Was President Trump’s COVID diagnosis a ‘wake-up call' for anyone? Not really

Graeme BruceBusiness Data Journalist
October 07, 2020, 12:33 PM UTC

In the days following President Donald Trump’s COVID-19 diagnosis, very few registered voters say the episode is a “wake-up call” about the risk of the virus. 

According to the latest Yahoo News / YouGov Poll, just 7% view the virus reaching the nation’s highest office as a wake-up call.  

This includes 8% of President Trump’s supporters (8%) and 4% of Biden's (4%). 

A little more than half (56%) of registered voters feel they needed no wake up call, saying that they were already taking the virus more seriously than the president was. The vast majority of Biden voters (86%) say so of themselves, while about one in five (19%) Trump supporters agree. 

Another quarter (26%) of registered voters don’t see the president’s diagnosis as a reason to take COVID more seriously, saying it was just “bad luck” for the president and believe they don’t face a serious risk. This is the most common response among Trump supporters (54%), while barely any Biden supporters feel this way (4%). 

Among Trump supporters, we saw personal worry about COVID-19 drop between the last week of September and the first week of October (46% the week of September 21 vs. 40% this week). Figures are virtually unchanged among Biden supporters (80% vs. 81%).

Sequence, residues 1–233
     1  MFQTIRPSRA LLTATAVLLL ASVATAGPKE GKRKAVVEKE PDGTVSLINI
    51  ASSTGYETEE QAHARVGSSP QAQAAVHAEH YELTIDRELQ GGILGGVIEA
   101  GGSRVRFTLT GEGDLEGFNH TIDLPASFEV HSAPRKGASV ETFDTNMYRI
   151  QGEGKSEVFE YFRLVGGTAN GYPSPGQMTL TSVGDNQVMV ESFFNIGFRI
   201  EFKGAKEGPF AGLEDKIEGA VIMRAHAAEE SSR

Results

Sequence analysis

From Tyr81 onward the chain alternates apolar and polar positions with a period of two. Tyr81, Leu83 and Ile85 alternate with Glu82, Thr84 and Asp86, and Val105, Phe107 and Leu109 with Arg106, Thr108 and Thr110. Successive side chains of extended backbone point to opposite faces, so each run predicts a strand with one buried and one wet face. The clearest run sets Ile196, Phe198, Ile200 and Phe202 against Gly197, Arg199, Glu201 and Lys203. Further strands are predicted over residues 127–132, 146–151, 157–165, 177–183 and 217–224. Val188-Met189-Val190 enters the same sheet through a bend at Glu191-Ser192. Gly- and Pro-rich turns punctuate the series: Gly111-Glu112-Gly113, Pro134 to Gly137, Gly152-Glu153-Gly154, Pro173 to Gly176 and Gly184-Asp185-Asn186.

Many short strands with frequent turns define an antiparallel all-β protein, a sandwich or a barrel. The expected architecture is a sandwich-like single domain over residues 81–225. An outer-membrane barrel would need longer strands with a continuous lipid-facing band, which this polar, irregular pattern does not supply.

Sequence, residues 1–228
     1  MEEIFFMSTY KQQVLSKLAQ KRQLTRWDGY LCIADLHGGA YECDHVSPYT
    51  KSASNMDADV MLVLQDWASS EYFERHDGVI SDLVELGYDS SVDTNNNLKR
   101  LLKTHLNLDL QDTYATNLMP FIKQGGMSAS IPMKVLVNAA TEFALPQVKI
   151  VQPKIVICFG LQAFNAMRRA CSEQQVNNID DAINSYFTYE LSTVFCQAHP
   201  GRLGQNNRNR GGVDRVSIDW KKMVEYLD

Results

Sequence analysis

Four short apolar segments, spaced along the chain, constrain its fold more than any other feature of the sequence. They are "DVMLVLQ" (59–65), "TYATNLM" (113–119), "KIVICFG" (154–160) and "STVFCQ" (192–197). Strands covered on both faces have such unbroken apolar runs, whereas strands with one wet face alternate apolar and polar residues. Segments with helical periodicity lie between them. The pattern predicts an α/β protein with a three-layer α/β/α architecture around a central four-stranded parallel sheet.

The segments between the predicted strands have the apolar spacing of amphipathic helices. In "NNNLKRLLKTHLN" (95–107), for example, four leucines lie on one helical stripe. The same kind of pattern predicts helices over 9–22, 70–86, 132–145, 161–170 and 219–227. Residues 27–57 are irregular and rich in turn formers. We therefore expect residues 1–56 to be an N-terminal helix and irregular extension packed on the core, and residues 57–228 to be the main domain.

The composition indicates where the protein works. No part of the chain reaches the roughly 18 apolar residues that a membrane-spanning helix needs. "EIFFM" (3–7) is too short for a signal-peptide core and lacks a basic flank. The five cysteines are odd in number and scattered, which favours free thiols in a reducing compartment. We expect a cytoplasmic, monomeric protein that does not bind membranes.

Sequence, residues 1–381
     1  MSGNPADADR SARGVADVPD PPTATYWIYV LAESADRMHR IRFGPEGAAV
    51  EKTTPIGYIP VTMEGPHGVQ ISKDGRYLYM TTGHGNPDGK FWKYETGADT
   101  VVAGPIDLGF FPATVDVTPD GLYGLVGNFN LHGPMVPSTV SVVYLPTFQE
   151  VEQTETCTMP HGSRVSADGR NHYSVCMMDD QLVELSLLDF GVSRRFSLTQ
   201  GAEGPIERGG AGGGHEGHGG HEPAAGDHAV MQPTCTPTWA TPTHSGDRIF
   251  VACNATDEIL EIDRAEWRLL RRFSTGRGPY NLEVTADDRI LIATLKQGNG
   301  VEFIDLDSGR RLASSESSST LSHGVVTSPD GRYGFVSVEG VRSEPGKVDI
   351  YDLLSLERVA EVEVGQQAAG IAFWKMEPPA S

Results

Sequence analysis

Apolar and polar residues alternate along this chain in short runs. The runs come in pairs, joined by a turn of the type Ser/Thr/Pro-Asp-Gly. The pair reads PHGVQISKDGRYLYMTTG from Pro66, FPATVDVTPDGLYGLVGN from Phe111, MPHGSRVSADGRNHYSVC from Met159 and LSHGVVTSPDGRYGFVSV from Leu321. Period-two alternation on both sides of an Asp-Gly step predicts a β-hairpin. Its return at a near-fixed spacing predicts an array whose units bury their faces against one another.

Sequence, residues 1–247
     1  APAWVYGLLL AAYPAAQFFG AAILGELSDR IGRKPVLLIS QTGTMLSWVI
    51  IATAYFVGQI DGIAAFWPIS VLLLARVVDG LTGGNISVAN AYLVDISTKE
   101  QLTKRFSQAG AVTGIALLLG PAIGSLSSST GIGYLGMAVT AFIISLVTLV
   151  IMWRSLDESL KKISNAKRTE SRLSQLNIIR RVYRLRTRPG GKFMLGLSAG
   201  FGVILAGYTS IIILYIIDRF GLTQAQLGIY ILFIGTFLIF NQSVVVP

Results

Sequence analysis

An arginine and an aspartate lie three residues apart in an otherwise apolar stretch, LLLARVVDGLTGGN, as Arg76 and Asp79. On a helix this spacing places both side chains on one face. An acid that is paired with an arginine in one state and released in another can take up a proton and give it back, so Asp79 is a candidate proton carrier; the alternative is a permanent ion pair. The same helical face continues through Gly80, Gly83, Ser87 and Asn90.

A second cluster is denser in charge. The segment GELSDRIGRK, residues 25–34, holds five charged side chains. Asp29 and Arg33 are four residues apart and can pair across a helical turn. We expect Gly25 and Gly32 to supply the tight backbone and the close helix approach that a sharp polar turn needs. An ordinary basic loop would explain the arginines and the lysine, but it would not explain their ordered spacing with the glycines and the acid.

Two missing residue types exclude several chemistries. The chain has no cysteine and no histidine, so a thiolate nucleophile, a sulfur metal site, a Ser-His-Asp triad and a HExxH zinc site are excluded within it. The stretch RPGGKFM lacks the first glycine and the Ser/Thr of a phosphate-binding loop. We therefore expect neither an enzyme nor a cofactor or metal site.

After Trump was discharged from the Walter Reed Army Medical Center on October 5, Trump tweetedmore than once , “Don’t be afraid of COVID. Don’t let it dominate your life.” 

About two-thirds (65%) of registered voters are worried about personally experiencing COVID-19, while about a third (35%) are not. 

Related findings: 

See the crosstabs from this Yahoo News/YouGov Poll   

Methodology: This Yahoo News survey was conducted by YouGov using a nationally representative sample of 1,202 U.S. registered voters interviewed online from October 2 - 3, 2020. The sample were weighted according to gender, age, race and education based on the American Community Survey, conducted by the U.S. Bureau of the Census, as well as 2016 presidential vote, registration status, geographic region and news interest. Respondents were selected from YouGov’s opt-in panel to be representative of all U.S registered voters. The margin of error is 4.6%.   

Image: Getty